The NIF was built as a part of the NNSA’s program to ensure the safety, security and effectiveness of the nuclear weapons stockpile without underground testing. With NIF, scientists will be able to evaluate key scientific assumptions in current computer models, obtain previously unavailable data on how materials behave at temperatures and pressures like those in the center of a star, and help validate NNSA’s supercomputer simulations by comparing code predictions against observations from laboratory experiments.
Because of its groundbreaking advances in technology, NIF also has the potential to produce breakthroughs in fields beyond national security. It will help advance fusion energy technology, which could be an element of making the United States energy independent. It also will enable scientists to better understand the makeup of stars in the universe and planets both within and outside our solar system.
“The developments announced this week demonstrate exciting progress toward the grand scientific challenge that is fusion ignition on the National Ignition Facility,” said Brig. Gen. Garrett Harencak, NNSA Principal Assistant Deputy Administrator for Military Application. “NIF will be a cornerstone of a critical national security mission, ensuring the continuing reliability of the U.S. nuclear stockpile without underground nuclear testing, while also providing a path to explore the frontiers of basic science, and potential technologies for energy independence. It is a prime example of how our investment in nuclear security is providing the tools to tackle a broad range of national challenges.”
The results announced this week demonstrate that NIF is capable of fulfilling a key requirement of the fusion process. To achieve fusion, NIF will focus its 192 laser beams, in a few billionths of a second, into a pencil-eraser-sized metal cylinder containing a small fuel capsule to create a small star about the diameter of a human hair which, when successful, releases more energy than the laser energy used to create it.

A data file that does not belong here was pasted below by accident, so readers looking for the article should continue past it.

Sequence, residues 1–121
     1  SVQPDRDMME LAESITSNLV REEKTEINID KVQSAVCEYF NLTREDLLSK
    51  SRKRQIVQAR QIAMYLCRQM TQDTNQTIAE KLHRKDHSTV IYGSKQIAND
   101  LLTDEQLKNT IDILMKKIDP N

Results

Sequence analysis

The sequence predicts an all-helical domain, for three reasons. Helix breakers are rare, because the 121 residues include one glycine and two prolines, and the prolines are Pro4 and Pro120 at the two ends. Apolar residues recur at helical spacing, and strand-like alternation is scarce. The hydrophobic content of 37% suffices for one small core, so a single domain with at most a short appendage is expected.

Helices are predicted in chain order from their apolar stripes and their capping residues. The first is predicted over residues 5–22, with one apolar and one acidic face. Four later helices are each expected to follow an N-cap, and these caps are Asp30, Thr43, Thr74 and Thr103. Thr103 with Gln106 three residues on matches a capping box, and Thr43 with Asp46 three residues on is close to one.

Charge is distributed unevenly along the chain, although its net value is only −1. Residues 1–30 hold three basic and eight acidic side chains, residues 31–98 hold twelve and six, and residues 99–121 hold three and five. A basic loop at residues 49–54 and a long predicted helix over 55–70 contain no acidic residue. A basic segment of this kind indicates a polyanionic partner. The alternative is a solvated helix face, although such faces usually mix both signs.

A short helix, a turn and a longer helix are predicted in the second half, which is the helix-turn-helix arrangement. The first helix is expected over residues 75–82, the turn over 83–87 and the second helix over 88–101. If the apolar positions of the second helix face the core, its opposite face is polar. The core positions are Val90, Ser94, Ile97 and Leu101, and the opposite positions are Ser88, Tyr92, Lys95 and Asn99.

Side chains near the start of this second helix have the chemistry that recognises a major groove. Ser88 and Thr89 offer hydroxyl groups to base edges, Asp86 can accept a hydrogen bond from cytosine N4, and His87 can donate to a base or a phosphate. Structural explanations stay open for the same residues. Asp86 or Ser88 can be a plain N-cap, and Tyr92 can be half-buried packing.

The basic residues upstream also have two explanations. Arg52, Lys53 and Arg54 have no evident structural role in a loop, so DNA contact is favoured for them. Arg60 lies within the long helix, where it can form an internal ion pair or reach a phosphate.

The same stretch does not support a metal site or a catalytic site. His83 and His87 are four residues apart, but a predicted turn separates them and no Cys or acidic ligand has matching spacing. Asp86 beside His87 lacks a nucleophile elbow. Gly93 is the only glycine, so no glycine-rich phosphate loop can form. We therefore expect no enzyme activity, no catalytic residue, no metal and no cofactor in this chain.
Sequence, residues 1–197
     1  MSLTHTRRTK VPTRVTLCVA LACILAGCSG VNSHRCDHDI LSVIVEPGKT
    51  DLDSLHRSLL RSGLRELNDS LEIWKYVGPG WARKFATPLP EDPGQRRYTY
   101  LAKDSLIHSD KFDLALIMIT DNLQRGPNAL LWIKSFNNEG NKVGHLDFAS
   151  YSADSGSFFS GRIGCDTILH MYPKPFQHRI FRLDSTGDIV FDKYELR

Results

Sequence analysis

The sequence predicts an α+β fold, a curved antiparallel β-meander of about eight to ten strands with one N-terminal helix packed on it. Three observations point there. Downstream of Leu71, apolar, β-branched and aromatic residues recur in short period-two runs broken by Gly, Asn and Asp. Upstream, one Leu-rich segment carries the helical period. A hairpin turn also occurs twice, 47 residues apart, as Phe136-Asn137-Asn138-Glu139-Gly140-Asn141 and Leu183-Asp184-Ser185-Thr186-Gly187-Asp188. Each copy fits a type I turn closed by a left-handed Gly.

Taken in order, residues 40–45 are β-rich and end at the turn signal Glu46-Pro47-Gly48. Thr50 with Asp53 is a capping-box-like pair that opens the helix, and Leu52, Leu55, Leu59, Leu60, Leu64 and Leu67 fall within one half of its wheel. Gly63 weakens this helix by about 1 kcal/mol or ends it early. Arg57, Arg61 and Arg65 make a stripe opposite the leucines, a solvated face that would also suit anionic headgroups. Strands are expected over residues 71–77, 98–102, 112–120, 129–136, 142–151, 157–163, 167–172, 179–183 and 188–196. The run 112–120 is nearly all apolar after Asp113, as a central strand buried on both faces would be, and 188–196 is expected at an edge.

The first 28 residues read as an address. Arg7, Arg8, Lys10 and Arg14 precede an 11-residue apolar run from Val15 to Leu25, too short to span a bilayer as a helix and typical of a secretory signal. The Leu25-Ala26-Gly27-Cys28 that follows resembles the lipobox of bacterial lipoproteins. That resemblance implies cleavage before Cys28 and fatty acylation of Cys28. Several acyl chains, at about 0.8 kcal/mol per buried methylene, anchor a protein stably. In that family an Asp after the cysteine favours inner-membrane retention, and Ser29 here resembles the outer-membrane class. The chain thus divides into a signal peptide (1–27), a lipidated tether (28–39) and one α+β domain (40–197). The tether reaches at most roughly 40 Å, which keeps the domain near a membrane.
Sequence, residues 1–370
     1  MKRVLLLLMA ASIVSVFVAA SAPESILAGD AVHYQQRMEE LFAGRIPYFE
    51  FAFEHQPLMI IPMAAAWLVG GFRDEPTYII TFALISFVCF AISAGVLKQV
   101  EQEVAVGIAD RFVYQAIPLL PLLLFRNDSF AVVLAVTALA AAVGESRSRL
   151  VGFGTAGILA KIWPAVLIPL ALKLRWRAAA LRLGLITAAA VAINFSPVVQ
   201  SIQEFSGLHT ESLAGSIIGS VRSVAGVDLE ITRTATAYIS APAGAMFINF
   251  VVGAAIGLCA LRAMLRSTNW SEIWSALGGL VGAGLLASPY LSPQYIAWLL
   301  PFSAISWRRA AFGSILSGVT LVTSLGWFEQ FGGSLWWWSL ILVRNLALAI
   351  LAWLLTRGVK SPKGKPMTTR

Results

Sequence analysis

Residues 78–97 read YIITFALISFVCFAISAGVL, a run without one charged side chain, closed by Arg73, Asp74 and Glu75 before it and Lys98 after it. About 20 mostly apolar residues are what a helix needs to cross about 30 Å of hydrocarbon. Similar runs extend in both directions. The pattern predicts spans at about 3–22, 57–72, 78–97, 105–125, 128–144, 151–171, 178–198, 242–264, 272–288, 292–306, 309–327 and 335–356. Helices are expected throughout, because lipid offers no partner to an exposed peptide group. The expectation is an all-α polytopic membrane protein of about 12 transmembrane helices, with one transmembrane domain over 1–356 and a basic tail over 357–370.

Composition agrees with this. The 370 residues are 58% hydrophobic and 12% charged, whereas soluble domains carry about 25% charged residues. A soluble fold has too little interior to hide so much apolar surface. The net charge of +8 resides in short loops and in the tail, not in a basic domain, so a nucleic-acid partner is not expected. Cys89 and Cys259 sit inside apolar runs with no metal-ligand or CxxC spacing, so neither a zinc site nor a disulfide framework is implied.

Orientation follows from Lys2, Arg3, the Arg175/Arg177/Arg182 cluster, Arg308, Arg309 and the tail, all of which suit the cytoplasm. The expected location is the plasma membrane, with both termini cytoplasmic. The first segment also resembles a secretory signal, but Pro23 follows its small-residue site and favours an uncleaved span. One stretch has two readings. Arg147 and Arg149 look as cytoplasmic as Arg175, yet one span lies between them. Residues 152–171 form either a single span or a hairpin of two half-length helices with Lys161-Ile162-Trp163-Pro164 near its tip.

One of the key requirements for this process is to create sufficient x-ray energy to drive the fuel implosion. In a series of experiments that began shortly after the facility was dedicated in May, NIF researchers have been focusing on characterizing the x-ray drive created in test targets. Recent tests at the NIF have shown that the NIF laser beams can be effectively delivered and are capable of heating the targets to the radiation temperatures needed to drive fuel capsules to ignition conditions.
“These are very exciting results,” said NIF Director Ed Moses. “The NIF laser is proving to be robust with very precise and repeatable performance. We have demonstrated most aspects of target fabrication and are integrating and using the diagnostics we need for initial ignition test experiments later next year.”
NNSA and LLNL presented the data during the 51st Annual Meeting of the American Physical Society Division of Plasma Physics. The American Physical Society is the premier membership organization for physicists.
Established by Congress in 2000, NNSA is a semi-autonomous agency within the U.S. Department of Energy responsible for enhancing national security through the military application of nuclear science in the nation’s national security enterprise. NNSA maintains and enhances the safety, security, reliability, and performance of the U.S. nuclear weapons stockpile without nuclear testing; reduces the global danger from weapons of mass destruction; provides the U.S. Navy with safe and effective nuclear propulsion; and responds to nuclear and radiological emergencies in the U.S. and abroad. Visit http://www.nnsa.energy.gov/ for more information.